So then, if an actual, unarmed fight, or an actual unarmed attack/crime is so very, very rare, why do we then bother to practice any self-defense at all? If it hardly ever happens? Even crime rates are small compared to the over-all population. Most of you reading this now will never be in an unarmed fight, never a knife fight, never be shot, or never be a victim of crime. Still we work on these problems because on some level we know, it has happened, will happen and could happen to you and yours. It sort of – needs to be done. Needs to be looked at. With these very low stats, this "understandable, needy" acceptance, logic suggests to us to work unarmed material. This very same logic should suggest that we include stick, knife and gun too.

     You'll never have or will never touch a knife (or gun)? In a fight, you might well pick up a knife, a stick or a gun in the area, or right from the bad guy's hands. I might mention here too, that an attacker's knife, disarmed and dropped on the ground? It is still dangerous and the death threat is NOT over. A person was just trying to kill you with it, and his knife is still just 3, 4 or 5 feet away from his hands on the ground? It is still a very deadly situation and a very quick pick-up.

     So you have disarmed him or picked it up and now hold his weapon? What happens next? Can you fight with it? He's charging in! (My favorite “What” question is "what happens next?" What happens next? ( Ending down the "what question" line with in – "are you arrested or sued?) Don't know what to do next? Do you think you will just become a knife fighter/user because of some magical, inert, instinct? Why do you spend all that time working on simple, unarmed moves and spend hundreds if not thousands of dollars shooting guns and bulleye chasing, and yet ignore the knife? (Some people suggest getting a disarm and "throwing it away," tossing a knife "away." This is suggested by the naive as some sort of consummate solution, but is not consummate or universal, such is highly situational,  and is the subject of another essay.) I might add here there are numerous Department of Justice stats through the years in the USA that even holding a knife, "presenting a knife," can scare off over 50% of common criminals.

     Knives are EVERYWHERE, (and knife-like items). “sticks,” or stick-like things are too in a way. Guns? In many countries the opponents bring the guns to you, barrel first. Many of the Krav schools around the world (oh, about 40% of the schools I teach at each year are Krav schools) have no weapons handling at all. All unarmed stuff. Not all, but many. This is a criticism I hear with some regularity from many Krav people actually. But whatever. In a way that's fine if all the parties involved are educated enough to know this incomplete status and where they fit in the big picture. I don't agree doctrine-wise, but whatever.

     In order to best use or fight against a weapon, you should at least know how that weapon is actually used. Not how you assume it is used. Your assumptions may be wrong. Know something about it. We have that USA expression about baseball –

     “you’ll never hit a curve ball if you never see one in practice.”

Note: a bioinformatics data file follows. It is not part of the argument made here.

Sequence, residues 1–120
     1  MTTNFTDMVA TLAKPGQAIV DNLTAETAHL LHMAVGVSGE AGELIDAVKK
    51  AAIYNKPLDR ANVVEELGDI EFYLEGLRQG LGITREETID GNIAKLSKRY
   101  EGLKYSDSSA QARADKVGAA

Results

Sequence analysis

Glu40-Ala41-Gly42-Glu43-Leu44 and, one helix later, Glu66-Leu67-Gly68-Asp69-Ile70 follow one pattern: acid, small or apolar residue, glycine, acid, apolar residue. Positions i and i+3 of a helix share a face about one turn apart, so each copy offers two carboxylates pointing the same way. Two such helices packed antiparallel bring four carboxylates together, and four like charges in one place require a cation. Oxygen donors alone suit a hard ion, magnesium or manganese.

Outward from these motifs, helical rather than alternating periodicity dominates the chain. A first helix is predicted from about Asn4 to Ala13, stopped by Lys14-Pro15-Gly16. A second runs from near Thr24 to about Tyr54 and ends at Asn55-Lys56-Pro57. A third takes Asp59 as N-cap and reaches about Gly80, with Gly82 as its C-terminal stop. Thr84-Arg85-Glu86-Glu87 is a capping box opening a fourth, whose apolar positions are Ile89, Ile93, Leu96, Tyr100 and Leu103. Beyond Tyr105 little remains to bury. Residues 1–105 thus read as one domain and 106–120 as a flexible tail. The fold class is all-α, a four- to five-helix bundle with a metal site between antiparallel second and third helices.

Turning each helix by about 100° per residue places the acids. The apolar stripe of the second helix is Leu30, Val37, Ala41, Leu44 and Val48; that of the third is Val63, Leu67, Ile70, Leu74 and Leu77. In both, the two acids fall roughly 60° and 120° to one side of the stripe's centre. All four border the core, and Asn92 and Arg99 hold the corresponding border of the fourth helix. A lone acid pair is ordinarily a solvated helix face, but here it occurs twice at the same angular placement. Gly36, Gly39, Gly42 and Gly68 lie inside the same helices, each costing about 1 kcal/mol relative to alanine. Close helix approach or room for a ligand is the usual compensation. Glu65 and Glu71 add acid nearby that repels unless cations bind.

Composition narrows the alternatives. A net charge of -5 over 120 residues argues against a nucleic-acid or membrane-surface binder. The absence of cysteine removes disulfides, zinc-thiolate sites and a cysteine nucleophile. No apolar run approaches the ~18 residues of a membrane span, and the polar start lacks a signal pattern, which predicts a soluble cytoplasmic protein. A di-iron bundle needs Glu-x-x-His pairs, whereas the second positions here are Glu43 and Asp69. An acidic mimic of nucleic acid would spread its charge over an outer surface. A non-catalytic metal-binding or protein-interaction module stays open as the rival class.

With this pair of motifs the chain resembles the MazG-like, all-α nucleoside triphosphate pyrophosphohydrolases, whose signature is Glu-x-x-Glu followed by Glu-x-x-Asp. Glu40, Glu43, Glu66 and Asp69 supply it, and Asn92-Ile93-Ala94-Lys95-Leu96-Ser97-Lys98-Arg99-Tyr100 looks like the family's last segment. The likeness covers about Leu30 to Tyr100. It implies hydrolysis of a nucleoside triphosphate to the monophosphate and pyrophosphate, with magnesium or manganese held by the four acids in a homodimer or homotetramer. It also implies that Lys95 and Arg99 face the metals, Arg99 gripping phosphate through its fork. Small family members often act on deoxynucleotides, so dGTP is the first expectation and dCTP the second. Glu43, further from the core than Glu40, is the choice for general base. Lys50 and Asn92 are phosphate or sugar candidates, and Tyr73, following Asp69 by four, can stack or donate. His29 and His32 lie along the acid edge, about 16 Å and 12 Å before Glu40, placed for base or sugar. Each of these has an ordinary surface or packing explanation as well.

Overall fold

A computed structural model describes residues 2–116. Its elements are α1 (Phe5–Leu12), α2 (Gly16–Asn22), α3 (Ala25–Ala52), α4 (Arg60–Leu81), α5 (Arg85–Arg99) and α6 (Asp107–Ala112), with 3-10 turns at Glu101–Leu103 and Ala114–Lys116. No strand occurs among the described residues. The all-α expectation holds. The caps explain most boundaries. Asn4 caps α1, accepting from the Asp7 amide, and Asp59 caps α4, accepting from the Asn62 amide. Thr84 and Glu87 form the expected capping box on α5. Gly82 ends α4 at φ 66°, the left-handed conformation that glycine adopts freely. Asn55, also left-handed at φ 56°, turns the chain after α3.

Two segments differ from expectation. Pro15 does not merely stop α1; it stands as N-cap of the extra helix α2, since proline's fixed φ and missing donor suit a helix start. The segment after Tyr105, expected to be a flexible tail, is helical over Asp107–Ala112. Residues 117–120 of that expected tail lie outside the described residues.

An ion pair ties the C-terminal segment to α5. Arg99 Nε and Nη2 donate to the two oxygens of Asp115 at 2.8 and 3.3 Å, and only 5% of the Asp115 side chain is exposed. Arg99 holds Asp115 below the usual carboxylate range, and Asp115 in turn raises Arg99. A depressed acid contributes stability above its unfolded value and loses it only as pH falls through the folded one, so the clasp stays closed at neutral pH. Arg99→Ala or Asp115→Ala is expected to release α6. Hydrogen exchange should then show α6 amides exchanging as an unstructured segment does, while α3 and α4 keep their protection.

This involves studying the curve ball, throwing good curve balls in practice and a lot of batting practice concerning curve balls. We also have another old expression, "life throws you curve balls." This is trus in all confrontational endeavors. You must know what a boxer does. You must know whet a grappler does. You must know what the current armed robber team in your area is doing. You must know what the street thugs are doing – the the fad of the "knock-out gangs." Know they enemy, Which brings us back to the "who, what, where, when, how and why."

     The knife-stigma issue can be challenging. Weird and violent course names and weird, macho knife names don't help you in the end. Trust me on this. I've worked these cases. I have no grim reapers, no flaming skulls and none of those suggestive, macho mantras made by people (mostly/usually from folks inexperienced with the true, real, ugly, wet violence and the aftermath) who seem obsessed with a certain "type" of knife culture. (I have seen photos of knife training where attendees wear bandanna-masks on their faces like cartels or something like that?) Associate with criminal looks, themes, names and behavior? And then use a Klingon knife in an incident and the police and prosecutors will use all of this against you, every Facebook entry. Every strange tattoo, photo, hobby, associates, etc. Anyone teaching anything about the knife, must know about this stigma and should try to overcome it with a level of professionalism. Remember, by selecting and promoting your own "dark" premise, you are defeating your own end game. Concerned about thus, all my courses are stacked and packed with legal issues and the “who, what, where, when, how and why” questions. It has to work in court as much as possible! I repeat – remember, by selecting and promoting your own "dark" premise, you are defeating your own end game.

      Historical stigma. Many times through history, self defense has been hidden inside martial arts when self defense seemed threatening to the local governments. The same can be said for modern times. For example, the study of "knife fighting" can be condemned in some societies, yet is okay when done inside the auspices of say – a "Filipino Martial Arts Class." The trappings, as in the "look" and style and so forth, make it an art form to the shallow eye, tempering criticism. Packaging. Many groups in these weapon-restrictive countries, still openly practice sword fighting and "short-sword" fighting, rapier and dagger (that's a knife, folks) but in the wrappings of a Medieval disguise. Those folks get featured on the TV news as an interesting hobby, but some guys in street clothes in the park doing the similar things might get… arrested?